William Wynne

"The Corvair Authority"
5000-18 HWY 17 #247
Orange Park, FL 32003

Sun 'N Fun 2005

April 19, 2005


We got back from Sun 'N Fun last night. We had a great time seeing old friends and meeting new ones. Here are just a few photos from our weeklong stay at America's second largest airshow. It was the 16th year in a row I've gone to Sun 'N Fun, and the eighth year I've been doing presentations, forums and seminars on the Corvair engine. I first attended Sun 'N Fun in 1989 as a student at Embry-Riddle Aeronautical University. Since my first exposure, I've been in love with experimental aviation. Back then, I had the inner desire to make a mark, to Be In The Arena. While I've had many high points in the past 16 years of work in our field, few stand out like having our 601 displayed in Zenith Aircraft's booth all week this year. Zenith Aircraft, a longtime commercial exhibitor at Sun 'N Fun, has the premier display lot at the event. The exposure of Corvair powered aircraft and its mainstream acceptance took a giant step forward during Sun 'N Fun 2005. I'd like to thank the Heintz family and all of our friends who made our presence possible.

It was something of a record to have six Corvair powered aircraft fly in to a single location. The aircraft included our 601 XL, Gary Coppen's Turbo Skycoupe, Chuck Ufkes' Dragonfly, Steve Makish's KR-2, and Bob Lester's KR-2. While a half dozen may not sound like a lot, realize this is twice as many Corvair powered aircraft as rotary powered planes, more than were powered by VWs, and if you exclude the company planes of Jan Eggenfellner's commercial Subaru/RV display, twice as many Corvair planes as Subaru. There were many one-off engine conversions that arrived and left by trailer. I was very proud of our builders, that all six of our airplanes flew in, and flew home. Every one of them, with the exception of Chuck's, has well in excess of 100 hours on Corvair Power. Chuck's conversion is new, and I'm sure he'll have 100 on the Hobbs by next year. Read and enjoy.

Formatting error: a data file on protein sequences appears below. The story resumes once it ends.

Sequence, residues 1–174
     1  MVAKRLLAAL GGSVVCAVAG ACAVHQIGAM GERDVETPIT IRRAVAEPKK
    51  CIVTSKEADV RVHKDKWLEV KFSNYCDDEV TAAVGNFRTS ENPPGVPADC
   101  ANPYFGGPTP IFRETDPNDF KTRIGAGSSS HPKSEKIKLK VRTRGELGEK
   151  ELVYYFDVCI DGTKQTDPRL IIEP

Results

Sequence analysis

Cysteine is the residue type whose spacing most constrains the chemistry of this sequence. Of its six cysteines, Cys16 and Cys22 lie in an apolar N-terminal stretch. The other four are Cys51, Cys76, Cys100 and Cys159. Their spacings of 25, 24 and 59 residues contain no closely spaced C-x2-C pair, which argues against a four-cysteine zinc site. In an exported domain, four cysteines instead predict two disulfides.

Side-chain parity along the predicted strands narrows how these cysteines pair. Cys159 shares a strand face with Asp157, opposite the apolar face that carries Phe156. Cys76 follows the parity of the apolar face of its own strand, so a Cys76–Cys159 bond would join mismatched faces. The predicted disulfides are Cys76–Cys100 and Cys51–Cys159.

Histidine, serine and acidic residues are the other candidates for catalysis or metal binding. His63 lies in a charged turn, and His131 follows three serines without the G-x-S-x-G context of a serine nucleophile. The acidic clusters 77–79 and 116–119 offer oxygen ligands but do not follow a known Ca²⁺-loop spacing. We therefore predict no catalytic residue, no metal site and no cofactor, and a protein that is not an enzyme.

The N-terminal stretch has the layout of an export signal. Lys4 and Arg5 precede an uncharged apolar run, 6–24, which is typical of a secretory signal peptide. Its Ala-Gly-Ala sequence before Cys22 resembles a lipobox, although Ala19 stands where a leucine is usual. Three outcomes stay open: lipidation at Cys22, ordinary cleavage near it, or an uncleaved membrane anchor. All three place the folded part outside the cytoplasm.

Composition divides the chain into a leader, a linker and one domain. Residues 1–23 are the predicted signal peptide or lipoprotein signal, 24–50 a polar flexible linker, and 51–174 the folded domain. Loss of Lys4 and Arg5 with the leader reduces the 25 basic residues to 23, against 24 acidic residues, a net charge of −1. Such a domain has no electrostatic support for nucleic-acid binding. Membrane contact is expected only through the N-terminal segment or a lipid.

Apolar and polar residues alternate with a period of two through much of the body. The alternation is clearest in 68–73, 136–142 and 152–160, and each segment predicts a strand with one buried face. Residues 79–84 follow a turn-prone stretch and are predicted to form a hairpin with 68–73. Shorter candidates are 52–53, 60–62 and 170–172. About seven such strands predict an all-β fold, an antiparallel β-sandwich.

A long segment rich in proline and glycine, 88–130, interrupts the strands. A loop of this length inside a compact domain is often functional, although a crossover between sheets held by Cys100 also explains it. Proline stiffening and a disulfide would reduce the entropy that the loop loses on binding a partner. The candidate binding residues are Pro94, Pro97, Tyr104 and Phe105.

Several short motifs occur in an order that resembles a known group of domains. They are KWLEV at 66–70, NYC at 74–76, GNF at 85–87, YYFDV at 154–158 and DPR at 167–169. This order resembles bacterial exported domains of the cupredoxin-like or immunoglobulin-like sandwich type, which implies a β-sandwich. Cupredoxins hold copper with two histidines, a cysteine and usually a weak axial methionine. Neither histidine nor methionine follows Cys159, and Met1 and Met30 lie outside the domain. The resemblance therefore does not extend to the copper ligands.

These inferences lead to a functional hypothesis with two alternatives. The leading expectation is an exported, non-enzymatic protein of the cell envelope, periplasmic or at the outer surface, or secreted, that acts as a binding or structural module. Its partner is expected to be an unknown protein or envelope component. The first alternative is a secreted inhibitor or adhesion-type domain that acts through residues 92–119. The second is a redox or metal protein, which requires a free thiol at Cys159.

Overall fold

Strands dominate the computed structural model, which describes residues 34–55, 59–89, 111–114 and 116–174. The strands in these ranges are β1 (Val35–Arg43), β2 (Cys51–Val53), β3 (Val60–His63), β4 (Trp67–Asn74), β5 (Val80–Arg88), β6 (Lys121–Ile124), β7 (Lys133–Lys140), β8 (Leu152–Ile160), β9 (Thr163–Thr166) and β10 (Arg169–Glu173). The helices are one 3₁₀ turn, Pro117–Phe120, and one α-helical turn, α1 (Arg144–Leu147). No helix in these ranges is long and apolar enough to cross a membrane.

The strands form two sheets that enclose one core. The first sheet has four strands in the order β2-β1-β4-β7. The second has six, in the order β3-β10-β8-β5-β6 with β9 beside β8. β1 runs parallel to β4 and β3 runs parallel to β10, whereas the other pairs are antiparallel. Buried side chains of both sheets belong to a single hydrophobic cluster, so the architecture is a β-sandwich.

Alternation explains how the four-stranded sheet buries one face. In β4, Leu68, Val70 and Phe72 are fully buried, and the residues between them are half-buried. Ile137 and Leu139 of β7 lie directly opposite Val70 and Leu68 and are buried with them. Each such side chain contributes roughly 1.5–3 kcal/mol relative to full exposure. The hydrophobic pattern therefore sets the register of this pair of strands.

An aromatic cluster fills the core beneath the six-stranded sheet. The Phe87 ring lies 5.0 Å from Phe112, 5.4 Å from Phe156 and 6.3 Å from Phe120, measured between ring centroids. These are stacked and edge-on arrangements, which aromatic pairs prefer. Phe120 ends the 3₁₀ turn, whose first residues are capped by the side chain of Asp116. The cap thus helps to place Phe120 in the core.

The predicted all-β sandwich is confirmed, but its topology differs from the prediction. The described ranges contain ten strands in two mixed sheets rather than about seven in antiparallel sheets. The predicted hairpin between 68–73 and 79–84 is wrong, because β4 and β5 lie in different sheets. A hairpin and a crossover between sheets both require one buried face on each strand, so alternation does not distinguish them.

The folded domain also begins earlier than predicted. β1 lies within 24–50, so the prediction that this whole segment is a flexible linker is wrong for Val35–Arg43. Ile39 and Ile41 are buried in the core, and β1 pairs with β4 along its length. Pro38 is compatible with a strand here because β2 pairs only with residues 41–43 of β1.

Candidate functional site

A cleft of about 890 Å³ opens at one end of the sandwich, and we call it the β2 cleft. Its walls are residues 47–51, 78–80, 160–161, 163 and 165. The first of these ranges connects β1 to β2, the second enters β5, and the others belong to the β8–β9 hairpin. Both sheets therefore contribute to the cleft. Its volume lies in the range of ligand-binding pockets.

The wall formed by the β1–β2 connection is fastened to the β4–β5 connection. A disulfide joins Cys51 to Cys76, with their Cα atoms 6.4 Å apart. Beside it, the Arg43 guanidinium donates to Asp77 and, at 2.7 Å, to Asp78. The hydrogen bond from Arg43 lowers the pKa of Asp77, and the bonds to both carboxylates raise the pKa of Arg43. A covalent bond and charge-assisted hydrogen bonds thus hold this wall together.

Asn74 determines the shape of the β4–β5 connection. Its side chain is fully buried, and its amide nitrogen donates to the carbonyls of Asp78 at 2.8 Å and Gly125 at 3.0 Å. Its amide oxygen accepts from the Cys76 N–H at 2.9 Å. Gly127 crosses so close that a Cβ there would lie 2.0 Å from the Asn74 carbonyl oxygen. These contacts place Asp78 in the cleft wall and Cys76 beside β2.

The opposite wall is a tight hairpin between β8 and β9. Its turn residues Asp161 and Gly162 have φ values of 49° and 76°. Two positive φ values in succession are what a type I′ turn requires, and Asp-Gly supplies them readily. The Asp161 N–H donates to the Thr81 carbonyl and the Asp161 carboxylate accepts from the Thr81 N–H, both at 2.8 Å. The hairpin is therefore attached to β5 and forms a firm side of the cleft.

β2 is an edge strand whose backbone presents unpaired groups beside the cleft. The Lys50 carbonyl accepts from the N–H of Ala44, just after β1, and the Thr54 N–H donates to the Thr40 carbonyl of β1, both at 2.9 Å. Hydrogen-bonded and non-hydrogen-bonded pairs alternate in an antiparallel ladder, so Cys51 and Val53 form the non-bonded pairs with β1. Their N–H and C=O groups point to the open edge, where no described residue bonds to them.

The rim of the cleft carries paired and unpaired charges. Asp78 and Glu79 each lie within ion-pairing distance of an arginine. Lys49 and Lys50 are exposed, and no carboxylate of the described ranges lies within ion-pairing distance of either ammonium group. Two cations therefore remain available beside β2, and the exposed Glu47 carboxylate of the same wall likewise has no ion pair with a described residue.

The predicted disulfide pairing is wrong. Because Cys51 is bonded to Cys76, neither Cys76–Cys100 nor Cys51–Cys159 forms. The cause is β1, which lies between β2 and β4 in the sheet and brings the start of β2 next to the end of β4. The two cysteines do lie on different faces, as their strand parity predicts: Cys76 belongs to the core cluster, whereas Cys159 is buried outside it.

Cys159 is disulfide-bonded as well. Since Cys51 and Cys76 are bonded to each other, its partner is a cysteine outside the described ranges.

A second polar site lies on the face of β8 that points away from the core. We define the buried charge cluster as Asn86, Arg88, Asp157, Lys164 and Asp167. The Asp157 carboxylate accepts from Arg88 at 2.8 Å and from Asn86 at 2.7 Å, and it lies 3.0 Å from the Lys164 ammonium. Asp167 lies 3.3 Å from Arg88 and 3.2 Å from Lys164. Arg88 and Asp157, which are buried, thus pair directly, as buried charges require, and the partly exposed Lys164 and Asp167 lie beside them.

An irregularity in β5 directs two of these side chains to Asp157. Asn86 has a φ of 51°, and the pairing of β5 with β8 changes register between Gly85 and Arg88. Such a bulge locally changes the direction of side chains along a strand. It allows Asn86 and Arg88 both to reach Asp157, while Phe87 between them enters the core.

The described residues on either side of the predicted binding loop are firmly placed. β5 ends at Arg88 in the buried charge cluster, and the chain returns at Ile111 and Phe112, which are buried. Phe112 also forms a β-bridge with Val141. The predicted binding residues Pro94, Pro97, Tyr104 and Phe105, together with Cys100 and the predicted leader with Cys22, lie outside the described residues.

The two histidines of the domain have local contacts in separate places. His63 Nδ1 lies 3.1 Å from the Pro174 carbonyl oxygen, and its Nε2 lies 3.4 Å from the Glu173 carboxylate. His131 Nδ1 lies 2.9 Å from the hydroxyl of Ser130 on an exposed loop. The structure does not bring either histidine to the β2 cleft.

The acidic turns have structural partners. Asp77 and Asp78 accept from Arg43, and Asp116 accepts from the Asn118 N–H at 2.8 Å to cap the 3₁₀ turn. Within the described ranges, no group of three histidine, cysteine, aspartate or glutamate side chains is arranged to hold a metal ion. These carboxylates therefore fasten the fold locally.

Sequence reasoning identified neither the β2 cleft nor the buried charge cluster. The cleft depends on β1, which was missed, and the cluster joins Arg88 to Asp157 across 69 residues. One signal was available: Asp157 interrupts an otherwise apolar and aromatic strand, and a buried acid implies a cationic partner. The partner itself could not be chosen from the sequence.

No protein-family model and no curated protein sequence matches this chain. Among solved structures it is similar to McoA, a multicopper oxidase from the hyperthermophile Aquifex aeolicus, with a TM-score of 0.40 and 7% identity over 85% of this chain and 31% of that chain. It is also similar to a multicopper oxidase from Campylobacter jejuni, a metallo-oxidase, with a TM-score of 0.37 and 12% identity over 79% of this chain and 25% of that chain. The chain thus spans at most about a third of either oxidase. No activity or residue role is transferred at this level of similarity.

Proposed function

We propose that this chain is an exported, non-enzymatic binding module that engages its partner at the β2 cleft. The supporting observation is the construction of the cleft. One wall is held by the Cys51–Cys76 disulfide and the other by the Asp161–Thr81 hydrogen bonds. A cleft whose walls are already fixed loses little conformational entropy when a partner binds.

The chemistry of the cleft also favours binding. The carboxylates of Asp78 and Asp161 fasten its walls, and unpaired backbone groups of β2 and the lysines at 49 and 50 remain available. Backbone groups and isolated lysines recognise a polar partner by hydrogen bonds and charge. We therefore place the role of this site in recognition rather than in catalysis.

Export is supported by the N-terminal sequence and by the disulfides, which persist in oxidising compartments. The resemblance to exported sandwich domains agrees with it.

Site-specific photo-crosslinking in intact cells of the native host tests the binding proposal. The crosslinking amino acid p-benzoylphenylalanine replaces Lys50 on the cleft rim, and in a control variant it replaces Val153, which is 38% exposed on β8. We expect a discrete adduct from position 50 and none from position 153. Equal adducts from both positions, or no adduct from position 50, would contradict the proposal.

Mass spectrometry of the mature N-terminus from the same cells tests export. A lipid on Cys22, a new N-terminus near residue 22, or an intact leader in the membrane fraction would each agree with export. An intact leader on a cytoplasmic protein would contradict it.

Gus and Corvair builder Chris Bobka, right, above, admire our firewall forward display in the Zenith Aicraft Company display site. The 601 is in the background. In all the years I have been going to Sun 'N Fun and Oshkosh, our engine and aircraft are the only alternative engines I can recall appearing in a Top 3 kit manufacturer's display. It was a very proud moment when a magazine writer asked Chris Heintz what he thought of Corvair engines, and if he liked them.

"It's a good engine. It goes together. That is why it is in our booth," he said.

"Now that I've had your airplane for a year, it's exceeded my wildest expectations," I told him.

Corvair/Flybaby builder Stu Hall, above, left, volunteers a week of his time at Sun 'N Fun every year. Stu provided us with a lot of crucial ground transportation. The first time a lot of people meet Stu is when he's making sure everyone's drinking enough water, handing out hundreds of bottles from his giant cooler on the back of his John Deere Gator. Lakeland is his home town now, and he wants everyone to enjoy themselves. I've known Stu for many years, and his fun and easygoing nature are the first thing you'll notice on an aviator whose experience includes being highly decorated as a fixed wing U.S. Army aviator in Vietnam.

You can see in the photo above how popular our firewall forward display is in the Zenith booth. Here I'm taking the distributor cap off and rotating the crank to show people how the dual points ignition works. Very well known Pietenpol builder and pilot Bill Rewey is in the turquoise shirt to my right in the back.

Above from left are myself, Corvair/Pietenpol builder and flyer P.F. Beck, Barnwell, S.C., and new Corvair convert Gardiner Mason. P.F. had considered flying down his Corvair Piet, but he takes his job volunteering all week in the woodshop every year very seriously, and felt that the people who showed up to learn woodworking skills would be better served by him being able to arrive early and stay late. We've invited P.F. to fly down for the next Corvair College.